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MICHELE NORRIS, host:

When violence hits the classroom and claims several lives, the government, the media, the nation pays close attention. We often see non-stop news coverage, blue ribbon panels, national conferences on school safety. We saw that recently after the shootings at Virginia Tech and we've seen it time and time again after mass killings in Columbine, Paducah, in Nickel Mines, Pennsylvania.

But what happens when the violence is systemic? When the students don't die all at once but over time in several places - a shooting here, a stabbing there, a kid beaten to death with a blunt object?

This week, the Chicago Tribune called attention to the fact that so far this year, at least 27 Chicago public school students have been killed. That comes out to about one death every 10 days.

Stephanie Banchero wrote that story and she wondered what happens to the teachers and the students left behind when violence claims a young life.

Stephanie Banchero joins us now.

Stephanie, please put those numbers into context for us - 27 deaths. Mainly shootings?

Ms. STEPHANIE BANCHERO (Staff Writer, Chicago Tribune): Twenty of those were shootings. We had four stabbings, strangulation, a kid was beaten - but overall, shootings were most of them died.

NORRIS: And age group?

Ms. BANCHERO: Oh, they range. I mean, we had a kid as young as 11 and we had several 19-year-old boys who were in alternative schools.

NORRIS: Now, some might hear this and assume that much of this is attributed to gang violence. Is that the case?

Ms. BANCHERO: Absolutely not. There were several kids that, you know, were involved in gang activities but most of these kids were innocent victims who were killed. The most recent death, a young man, Blair Holt was riding a bus home from school. A kid got on the bus, open fire and shot him accidentally. Another kid was found burned in a van. So, they're not all gang related.

NORRIS: Did any of these deaths actually occur in the schoolhouse building?

Ms. BANCHERO: No. All of them were outside the school.

NORRIS: So you wanted to actually find out what happened inside the school, how schools cope when there's suddenly an empty desk in the classroom. What did you find out?

Ms. BANCHERO: I went into one school - Avondale Elementary School in Chicago -where two boys had recently been stabbed to death by their mother's boyfriend. And both of these boys are very popular - have been at the school for quite a while. And what I found is there's a lot of depression and sadness - and especially with some of the younger kids - just an inability to know how to deal with their feelings. They're afraid to talk about it. A lot of them are still in denial. They don't want to admit that anything happened.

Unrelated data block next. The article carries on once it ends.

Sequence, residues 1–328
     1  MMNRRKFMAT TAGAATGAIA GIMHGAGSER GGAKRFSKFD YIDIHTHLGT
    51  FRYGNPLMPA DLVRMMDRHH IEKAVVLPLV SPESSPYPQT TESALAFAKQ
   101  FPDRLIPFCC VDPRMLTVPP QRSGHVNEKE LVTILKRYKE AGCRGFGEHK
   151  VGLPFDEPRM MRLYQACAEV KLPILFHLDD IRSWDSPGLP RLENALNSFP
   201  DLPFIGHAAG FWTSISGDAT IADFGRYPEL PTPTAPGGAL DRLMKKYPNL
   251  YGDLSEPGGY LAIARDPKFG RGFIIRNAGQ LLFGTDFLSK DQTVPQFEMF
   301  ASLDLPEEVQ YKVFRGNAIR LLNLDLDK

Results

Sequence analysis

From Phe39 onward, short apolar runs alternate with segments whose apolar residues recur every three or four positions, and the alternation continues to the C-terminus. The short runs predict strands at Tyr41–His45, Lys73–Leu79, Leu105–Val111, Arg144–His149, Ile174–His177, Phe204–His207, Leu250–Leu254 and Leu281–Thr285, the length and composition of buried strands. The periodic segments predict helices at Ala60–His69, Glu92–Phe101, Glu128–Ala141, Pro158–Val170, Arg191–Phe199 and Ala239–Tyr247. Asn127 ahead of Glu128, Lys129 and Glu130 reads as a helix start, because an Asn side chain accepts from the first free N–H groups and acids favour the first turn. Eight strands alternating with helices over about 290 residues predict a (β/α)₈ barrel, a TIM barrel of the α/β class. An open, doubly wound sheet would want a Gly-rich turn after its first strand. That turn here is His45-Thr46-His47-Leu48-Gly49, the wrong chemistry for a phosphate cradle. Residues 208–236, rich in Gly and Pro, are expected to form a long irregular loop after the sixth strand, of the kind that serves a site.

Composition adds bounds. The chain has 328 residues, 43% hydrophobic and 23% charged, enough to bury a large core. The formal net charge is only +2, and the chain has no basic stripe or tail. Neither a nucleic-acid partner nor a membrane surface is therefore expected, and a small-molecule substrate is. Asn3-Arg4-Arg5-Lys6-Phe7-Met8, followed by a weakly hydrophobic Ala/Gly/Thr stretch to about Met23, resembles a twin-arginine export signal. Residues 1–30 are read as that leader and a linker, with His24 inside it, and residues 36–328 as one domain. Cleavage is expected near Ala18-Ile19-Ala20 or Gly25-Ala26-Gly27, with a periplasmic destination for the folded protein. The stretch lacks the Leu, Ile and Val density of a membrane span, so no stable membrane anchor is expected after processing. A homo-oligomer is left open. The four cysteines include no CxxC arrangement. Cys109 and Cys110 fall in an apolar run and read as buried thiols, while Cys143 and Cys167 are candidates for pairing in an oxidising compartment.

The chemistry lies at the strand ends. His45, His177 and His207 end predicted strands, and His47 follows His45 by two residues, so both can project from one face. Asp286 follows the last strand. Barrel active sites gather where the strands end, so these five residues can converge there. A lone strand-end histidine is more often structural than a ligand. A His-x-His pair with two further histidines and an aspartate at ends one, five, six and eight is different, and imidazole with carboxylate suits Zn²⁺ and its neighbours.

And then another feeling that was quite prevalent at this school is, you know, the am I next? Because many of these kids are similarly situated meaning their at home with single mothers. They were afraid that somehow they would be next. And the counselors and the therapists all have to deal with those feelings that the kids are having.

NORRIS: You say counselors and therapists, does the school system send in extra counselors and therapists after this happens?

Ms. BANCHERO: Yes. Chicago has a very robust and vigorous crisis response team. They send in many people. In this school, they send in at least three counselors. They also contract with some local hospitals that send in nurses and therapists. And they're in the school, at least in this case, for at least three weeks. And now, they're there as long as they feel they're needed.

And in this school, I mean, aside from just the kids, the teachers were completely broken up - one teacher could barely teach. Many of them said, you know, they would walk into a classroom, see the kids and just breakdown.

NORRIS: Was there a certain amount of introspection in the Chicago Tribune newsroom about this story? I mean, when these individual deaths happened, do they make front-page news?

Ms. BANCHERO: Well, some of them did. Like I said, we had 27 kids who were killed - I would say, maybe four or five of them made front-page news. I mean, I'll be honest, some of the kids we didn't even write about. Either because it happened over the weekend and we didn't know it.

NORRIS: But you have a newspaper that does publish over the weekend.

Ms. BANCHERO: Yeah, right. But we didn't know what school they were in. So, you know, often times it's difficult to get information. However, yeah, it definitely caused a lot of introspection in the newsroom about how we cover the deaths of kids.

NORRIS: How do you take those lessons and carry them forward?

Ms. BANCHERO: I think we are - I mean, journalists are often cynical. And, you know, we see - I open the paper over the weekend and I see a 15-year-old kid was shot in what police say was a gang-related dispute. I mean, typically, I'd read past that. It's an awful thing to say but it's true. Now, when I see that I'm going to say okay, you know what? That's a kid.

NORRIS: Stephanie, thanks a lot for talking to us.

Ms. BANCHERO: Thank you.

NORRIS: Stephanie Banchero is a reporter with the Chicago Tribune. So far this year in the city of Chicago, 27 public school students have been killed.

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